Barriers are important even if you’re using a sex toy on a partner.
If you use sex toys on multiple people (like yourself and your partner), putting a condom on them can help keep everyone involved safe.
“Condoms can also be used on sex toys to reduce the chance of passing STIs between partners,” Flowers said.
You can still get pregnant even if you or your partner are taking gender-affirming hormones.
Sometimes, trans and non-binary people undergo Hormone Replacement Therapy (HRT), and take gender-affirming hormones like estrogen and testosterone.
While these hormones change the body, affect fertility and even eliminate periods for some, they are not a form of birth control. People on HRT can still get pregnant or impregnate another person.
“People taking gender-affirming hormones like testosterone and estrogen can still become involved in a pregnancy,” Flowers said. “To prevent pregnancy, consider non-hormonal birth control options, including the copper IUD or barrier methods like external or internal condoms, which still work while taking gender-affirming hormones.”
There is a difference between gender, sex assigned at birth, and sexuality.
While the LGBTQ+ umbrella is often talked about as one entity, there is a distinct difference between gender, sex, and sexuality.
Gender refers to how someone identifies, whether that be man, woman, or another gender, whereas biological sex is the gender you were assigned at birth due to characteristics like genitalia.
Sometimes, our gender doesn’t correspond to the sex we were assigned at birth. Being transgender refers to a difference between someone’s assigned sex and their gender.
Being trans doesn’t say anything about someone’s sexuality. Sexuality refers to what types of people someone is attracted to. For example, women who are attracted the other women may identify as lesbians, regardless of what sex they were assigned at birth.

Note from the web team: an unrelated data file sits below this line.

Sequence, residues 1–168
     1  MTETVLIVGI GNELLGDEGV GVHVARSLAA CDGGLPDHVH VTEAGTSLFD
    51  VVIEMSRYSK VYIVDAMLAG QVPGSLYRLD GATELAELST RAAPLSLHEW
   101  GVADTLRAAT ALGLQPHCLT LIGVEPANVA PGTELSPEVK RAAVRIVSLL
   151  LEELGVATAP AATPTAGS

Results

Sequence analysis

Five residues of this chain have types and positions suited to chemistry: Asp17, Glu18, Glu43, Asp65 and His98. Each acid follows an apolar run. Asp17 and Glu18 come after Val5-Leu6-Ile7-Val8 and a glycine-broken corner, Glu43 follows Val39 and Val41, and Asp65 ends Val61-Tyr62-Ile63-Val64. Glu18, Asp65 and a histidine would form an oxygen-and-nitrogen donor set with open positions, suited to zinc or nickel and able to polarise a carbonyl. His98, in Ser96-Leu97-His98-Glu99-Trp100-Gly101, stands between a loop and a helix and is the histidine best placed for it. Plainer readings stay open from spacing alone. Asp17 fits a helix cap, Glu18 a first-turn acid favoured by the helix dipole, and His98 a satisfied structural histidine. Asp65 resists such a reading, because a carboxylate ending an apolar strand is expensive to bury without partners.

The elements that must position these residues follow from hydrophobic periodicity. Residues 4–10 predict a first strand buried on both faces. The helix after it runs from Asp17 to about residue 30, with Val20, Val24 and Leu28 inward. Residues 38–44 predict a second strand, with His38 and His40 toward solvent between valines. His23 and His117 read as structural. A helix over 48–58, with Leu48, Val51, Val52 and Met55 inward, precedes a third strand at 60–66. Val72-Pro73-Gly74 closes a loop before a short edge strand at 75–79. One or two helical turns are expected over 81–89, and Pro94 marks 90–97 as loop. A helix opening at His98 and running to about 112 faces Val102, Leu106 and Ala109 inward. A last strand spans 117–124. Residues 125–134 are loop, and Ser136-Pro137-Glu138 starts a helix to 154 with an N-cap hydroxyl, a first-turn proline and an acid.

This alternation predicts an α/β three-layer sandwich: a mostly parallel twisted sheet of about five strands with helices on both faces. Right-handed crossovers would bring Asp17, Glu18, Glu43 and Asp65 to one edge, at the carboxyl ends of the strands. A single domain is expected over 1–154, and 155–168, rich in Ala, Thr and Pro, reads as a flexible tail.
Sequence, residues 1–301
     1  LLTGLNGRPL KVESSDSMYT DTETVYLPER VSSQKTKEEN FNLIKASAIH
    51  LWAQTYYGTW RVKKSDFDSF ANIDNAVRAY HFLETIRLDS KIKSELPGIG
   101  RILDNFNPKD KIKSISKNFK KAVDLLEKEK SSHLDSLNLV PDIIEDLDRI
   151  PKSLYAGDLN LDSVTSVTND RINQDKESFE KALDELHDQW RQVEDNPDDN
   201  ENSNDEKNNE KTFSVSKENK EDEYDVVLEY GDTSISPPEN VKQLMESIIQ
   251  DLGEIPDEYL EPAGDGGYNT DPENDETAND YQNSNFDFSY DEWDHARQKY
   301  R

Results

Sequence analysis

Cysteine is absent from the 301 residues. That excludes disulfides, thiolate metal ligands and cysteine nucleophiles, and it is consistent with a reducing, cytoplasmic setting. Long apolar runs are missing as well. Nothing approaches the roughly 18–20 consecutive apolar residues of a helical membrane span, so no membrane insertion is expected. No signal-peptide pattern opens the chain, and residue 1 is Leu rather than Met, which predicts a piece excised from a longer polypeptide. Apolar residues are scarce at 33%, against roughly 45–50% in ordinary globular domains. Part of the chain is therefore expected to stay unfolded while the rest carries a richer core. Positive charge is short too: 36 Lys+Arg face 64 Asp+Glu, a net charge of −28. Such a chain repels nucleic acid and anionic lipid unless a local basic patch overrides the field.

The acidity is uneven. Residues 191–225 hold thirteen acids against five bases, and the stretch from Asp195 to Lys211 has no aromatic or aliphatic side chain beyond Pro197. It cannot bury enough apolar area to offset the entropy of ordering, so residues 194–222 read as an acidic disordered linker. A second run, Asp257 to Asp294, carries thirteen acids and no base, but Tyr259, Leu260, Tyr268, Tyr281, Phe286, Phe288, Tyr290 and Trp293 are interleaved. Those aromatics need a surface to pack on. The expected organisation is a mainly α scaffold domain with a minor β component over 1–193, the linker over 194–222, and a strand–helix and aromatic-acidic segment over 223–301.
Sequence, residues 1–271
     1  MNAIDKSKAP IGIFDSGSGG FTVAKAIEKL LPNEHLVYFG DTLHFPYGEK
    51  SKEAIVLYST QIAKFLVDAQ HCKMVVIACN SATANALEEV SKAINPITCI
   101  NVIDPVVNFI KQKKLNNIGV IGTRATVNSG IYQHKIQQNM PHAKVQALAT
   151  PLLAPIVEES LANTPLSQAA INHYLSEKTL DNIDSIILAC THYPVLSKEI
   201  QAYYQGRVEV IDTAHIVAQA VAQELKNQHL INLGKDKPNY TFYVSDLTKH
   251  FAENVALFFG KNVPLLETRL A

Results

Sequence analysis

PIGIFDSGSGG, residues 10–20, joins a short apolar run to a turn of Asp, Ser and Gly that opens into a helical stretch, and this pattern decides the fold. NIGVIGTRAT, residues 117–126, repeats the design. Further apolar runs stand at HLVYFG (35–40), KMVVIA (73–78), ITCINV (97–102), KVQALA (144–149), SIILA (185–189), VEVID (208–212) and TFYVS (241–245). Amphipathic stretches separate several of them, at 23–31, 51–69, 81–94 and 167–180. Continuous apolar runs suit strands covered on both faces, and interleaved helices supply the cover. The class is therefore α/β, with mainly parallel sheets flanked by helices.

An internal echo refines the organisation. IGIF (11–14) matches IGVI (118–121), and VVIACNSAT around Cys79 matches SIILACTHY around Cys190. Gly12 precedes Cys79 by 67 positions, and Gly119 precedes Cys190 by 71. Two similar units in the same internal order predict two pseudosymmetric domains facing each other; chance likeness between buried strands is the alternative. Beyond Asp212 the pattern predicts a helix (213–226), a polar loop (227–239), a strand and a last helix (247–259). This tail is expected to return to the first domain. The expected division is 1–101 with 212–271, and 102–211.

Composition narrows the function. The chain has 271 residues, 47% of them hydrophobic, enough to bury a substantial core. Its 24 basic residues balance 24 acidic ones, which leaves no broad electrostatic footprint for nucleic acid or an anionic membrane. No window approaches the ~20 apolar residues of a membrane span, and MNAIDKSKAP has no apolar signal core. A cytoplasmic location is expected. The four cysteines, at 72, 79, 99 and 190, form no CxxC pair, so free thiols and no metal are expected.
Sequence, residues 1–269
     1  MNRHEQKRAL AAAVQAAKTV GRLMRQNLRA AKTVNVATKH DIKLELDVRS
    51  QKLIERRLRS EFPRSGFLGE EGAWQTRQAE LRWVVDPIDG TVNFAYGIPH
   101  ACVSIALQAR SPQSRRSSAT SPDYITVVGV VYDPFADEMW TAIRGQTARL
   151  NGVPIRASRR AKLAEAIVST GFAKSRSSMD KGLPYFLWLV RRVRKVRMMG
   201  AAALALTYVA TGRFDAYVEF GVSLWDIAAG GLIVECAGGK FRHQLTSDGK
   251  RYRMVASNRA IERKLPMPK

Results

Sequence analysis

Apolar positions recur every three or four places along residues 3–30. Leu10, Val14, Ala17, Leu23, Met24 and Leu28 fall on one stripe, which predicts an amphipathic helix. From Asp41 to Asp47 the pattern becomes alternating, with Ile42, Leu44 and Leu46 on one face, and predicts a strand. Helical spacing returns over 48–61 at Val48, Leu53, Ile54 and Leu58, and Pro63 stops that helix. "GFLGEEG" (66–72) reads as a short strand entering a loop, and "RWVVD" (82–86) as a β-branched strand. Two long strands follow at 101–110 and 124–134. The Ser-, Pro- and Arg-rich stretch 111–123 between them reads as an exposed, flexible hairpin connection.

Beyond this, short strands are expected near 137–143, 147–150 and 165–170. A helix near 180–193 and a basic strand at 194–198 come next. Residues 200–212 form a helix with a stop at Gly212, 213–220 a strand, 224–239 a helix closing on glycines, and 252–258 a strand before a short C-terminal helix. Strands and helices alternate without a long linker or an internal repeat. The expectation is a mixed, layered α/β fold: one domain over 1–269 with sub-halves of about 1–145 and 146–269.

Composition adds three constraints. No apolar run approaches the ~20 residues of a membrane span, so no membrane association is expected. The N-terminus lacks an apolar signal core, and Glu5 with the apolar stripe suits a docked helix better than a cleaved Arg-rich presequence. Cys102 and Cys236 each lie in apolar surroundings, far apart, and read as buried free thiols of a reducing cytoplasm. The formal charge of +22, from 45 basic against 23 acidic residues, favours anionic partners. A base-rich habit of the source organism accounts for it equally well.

Intersex people exist, and are more common than redheads.
Being intersex refers to people who are born with physical characteristics like genitalia that do not fit into our definitions of what it means to be biologically female or male.
The physical characteristics of an intersex person can look a variety of ways; it is an umbrella term for people whose bodies fall outside the sex binary in some way.
Historically, forced surgeries would be performed on intersex children to make them fit into the male or female category, though that is now falling out of favour.
Sex toys are a valid part of sex, and which ones you pick are important.
Sex toys can be used in all kinds of sex, regardless of gender or sexuality, but they are especially common in queer sex. According to a study published in the Archives of Sexual Behaviour, 78% of queer men use sex toys.
Sex toys can make sex more satisfying for both you and your partner (or partners). Learning how to choose the right ones for you is important.
Tops, bottoms, and switches are all valid preferences for having sex.
In queer sex, top and bottom can refer to sexual preferences.